The new B-word: bully

Please excuse me while I climb upon my soapbox to preach my thoughts.

The subject's presence on my mind stems from seeing the movie, Bully, of course. I'd read the critiques before I went: that the administrators didn't do enough to stop it, the movie producers didn't, that the kids were acting worse for the cameras, etc. I work in a middle school and can assure you: that's really how some kids act. I was blown away when I first started at my school by the foul words floating in the halls, and despite the fact that one of the school's rules is "no curse words," have grown used to hearing language I expect to hear in a dive bar on a Friday night. The actual bullying in the movie wasn't what surprised me, it was the reaction by the administrators. If I were featured in that movie as an administrator, I'd have moved to Russia by now in embarrassment of my actions, or lack thereof. As far as the producers, or the controversy about its rating, all I can say is: I don't care. What matters is that a much ignored topic is coming to light, and it has people talking.

Similar to the rating controversy, there's a camp of people who say that kids have always been teased, suggesting today's children are too sensitive to it. To them I say again: I don't care. If it's making someone feel so bad that they want to kill themselves, or do, I maintain that we shouldn't need to do such extensive character-building in the world: let's focus on prevention, not treatment (does someone smell a nurse here?). It's like Ellen DeGeneres says: "Be kind to one another."

When teasing and making fun of fellow students has become such an issue that the police are regularly called to a middle school, and have to spend hours monitoring Facebook, or such an issue that a child may be considering taking his own life, it seems pretty clear to me that we need to learn how to live together in an increasingly crowded world. The world is getting more crowded by the minute, and if people don't start being a little nicer, and teaching their offspring to do the same, it's only going to become a more unpleasant place. There are hungry and/or starving kids in this world, perhaps closer to your own house than you realize. 

What's the solution? I don't have a clue. Awareness is probably the first step. The movie certainly made me reconsider my own reaction to when I hear something going on among students, and I know I can do more to stop it at least in my presence. And if you're wondering what that reaction has been until now, I must confess it's been turning a blind eye, trying to justify that by telling myself I'm a nurse, not an administrator. But I'm also an adult who knows better, and can't let it happen anymore in front of me. If I had kids, I'd probably be some kind of nightmare parent that forbids her kids to surf the internet unless I am standing over their shoulder: you really wouldn't believe what goes on online, on youtube, on Facebook, and elsewhere. (Another reason I can't say that today's kids are more sensitive: they have the cyberworld to bully them 24 hours a day.) Kids can be really, really mean to each other, and I suspect they may be learning some of this from home. Again, I don't know how to stop it, but knowing about it is a start. Pay attention people, it's probably happening right under your nose.

Somewhat related, if you need some reading material on the being-kind-to-one-another sermon I have just delivered, read this: An Invisible Thread: The True Story of an 11-Year-Old Panhandler, a Busy Sales Executive, and an Unlikely Meeting with Destiny, by Laura Schroff. As the title gives away, a sales executive befriends a child panhandler. It might make you think twice about your usual reaction to people living on the streets.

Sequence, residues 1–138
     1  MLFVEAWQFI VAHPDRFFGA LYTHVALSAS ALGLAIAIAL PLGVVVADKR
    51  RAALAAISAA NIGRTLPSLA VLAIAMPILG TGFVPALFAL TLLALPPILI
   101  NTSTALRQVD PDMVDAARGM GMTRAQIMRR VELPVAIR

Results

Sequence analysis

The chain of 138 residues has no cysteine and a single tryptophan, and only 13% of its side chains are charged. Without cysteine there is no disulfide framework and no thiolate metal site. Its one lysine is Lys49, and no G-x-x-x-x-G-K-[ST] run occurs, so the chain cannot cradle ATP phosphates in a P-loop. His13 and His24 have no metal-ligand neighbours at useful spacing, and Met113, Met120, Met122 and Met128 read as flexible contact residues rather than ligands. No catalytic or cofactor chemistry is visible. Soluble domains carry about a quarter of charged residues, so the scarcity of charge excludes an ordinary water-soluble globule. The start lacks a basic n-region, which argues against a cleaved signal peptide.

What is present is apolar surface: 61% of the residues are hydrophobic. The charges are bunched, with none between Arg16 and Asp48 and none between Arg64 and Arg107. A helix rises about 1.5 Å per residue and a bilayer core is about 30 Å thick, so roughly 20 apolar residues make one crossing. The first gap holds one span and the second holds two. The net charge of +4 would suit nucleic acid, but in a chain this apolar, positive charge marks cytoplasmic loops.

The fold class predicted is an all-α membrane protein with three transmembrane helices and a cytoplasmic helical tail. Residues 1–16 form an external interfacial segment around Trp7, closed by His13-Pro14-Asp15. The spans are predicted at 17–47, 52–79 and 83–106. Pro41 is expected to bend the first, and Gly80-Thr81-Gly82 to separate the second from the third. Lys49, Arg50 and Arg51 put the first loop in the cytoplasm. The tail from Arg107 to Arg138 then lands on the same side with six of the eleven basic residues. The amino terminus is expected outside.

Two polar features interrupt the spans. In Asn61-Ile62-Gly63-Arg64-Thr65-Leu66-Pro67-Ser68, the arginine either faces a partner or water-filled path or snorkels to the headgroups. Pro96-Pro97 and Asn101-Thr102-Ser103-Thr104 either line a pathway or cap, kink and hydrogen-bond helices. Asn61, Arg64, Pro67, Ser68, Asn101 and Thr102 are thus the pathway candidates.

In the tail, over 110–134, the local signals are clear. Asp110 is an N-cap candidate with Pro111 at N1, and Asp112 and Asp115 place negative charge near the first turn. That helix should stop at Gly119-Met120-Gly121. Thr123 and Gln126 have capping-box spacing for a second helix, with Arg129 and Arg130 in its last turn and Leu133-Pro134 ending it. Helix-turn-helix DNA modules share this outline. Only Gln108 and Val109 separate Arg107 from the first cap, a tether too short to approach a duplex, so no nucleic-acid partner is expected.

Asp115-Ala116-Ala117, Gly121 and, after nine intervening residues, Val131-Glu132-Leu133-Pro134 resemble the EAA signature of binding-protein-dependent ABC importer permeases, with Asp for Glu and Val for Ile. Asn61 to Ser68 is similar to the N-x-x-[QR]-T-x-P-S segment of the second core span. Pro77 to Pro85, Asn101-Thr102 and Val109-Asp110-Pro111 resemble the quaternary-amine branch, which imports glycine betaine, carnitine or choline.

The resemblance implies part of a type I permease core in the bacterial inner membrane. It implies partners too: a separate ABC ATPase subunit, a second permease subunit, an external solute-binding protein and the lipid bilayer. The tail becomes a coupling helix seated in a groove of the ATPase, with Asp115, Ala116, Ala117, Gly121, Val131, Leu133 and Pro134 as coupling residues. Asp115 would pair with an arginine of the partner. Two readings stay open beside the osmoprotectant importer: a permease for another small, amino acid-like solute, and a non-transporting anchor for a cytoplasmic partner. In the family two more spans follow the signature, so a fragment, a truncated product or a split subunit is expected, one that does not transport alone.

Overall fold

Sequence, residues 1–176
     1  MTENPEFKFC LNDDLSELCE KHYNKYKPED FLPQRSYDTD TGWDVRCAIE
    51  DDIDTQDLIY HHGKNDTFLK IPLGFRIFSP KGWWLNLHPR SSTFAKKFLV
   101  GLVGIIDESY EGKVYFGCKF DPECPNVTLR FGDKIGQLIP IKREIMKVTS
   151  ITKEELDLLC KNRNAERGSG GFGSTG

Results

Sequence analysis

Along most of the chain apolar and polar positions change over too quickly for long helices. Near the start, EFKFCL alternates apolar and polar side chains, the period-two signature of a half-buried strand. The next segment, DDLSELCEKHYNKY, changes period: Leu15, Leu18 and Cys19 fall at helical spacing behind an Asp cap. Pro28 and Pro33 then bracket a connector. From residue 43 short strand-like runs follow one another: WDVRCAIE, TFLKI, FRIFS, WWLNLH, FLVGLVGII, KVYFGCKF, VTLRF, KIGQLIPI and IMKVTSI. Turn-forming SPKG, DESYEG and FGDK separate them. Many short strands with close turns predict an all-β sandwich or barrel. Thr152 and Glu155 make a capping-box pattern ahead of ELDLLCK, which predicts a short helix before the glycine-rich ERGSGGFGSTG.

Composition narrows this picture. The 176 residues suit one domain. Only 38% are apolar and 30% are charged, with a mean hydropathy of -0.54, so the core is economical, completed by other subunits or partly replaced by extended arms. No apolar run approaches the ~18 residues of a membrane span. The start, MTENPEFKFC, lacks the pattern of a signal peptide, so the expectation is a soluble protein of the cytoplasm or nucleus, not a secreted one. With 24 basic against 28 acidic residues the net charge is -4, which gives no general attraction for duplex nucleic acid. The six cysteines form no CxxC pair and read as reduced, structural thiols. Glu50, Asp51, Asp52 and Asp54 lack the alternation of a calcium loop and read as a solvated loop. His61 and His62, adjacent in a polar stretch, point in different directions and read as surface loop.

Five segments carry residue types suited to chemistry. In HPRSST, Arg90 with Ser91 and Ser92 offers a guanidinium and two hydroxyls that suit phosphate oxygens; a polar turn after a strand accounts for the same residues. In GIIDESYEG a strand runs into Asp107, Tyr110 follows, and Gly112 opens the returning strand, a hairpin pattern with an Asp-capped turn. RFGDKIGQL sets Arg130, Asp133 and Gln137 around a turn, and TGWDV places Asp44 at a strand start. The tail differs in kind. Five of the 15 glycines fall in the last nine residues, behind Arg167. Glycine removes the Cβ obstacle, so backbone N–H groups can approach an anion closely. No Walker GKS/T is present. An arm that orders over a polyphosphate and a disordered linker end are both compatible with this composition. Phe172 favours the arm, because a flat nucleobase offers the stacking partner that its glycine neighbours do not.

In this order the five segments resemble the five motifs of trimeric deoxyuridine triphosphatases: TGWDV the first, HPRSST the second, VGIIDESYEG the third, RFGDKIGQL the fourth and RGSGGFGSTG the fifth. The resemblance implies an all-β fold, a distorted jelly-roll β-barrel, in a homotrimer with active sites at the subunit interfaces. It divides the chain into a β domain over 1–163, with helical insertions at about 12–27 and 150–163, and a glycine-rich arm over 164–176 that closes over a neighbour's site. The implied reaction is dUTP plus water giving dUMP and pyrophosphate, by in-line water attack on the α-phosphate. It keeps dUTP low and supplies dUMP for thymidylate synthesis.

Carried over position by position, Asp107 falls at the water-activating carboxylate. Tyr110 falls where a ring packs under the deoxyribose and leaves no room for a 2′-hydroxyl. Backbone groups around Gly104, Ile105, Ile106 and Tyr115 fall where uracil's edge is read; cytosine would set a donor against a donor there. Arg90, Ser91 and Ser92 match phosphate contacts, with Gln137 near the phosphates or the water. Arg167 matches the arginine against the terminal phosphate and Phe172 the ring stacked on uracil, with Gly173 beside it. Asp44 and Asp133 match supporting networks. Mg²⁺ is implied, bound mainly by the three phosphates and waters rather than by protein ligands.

Now I will climb off the soapbox and return you to your usual programming.


  1. Anonymous24/4/12 07:46

    The "B" word makes me sick! I was born with a small deformity to my jaw that made me look a little different than others growing up. I was called horrible names, people laughed at me and seriously pointed fingers like I was a monster in a B rated movie. Along the way I felt lonely, multiple days of sadness that I never expressed to anyone...why, because who wants more name calling if anyone found out that I had emotional issues as well. After middle school my jaw was fixed and then all of sudden I had real friends...people even said that I was so pretty...now...NOW? I didn't really change, my personality stayed the same...what mean little angry monsters! Kids are mean, they are more than mean....if there was a word that I could express how mean I would. I raised my kids that calling names, touching others when not wanted, and being hateful is extremely wrong and I would punish in the most heinous way. My youngest now comes home and talks about the "mean" girl in her class that calls names...my daughter stands up for the kids. That makes me a proud mom...why isn't our administrators doing the same...Ok, off of my soapbox! Thanks for the post...its needed!

  2. Anonymous2/5/12 11:39

    I remember one girl in my middle school in the 70's who befriended me on my first day there mid school year. It didn't take long to discover the entire school hated her (and quickly me by association). I have long wondered WHY HER? She told outlandish lies but I met many others through school and life that did likewise and didn't get that treatment. I've wondered many times whatever happened to her. And I still feel shame about how quickly I abandoned her and joined the haters. Maybe that would be part of the "prevention", convincing kids that it's ok to like or even just tolerate someone that is hated by one or a crowd. Tolerence for difference.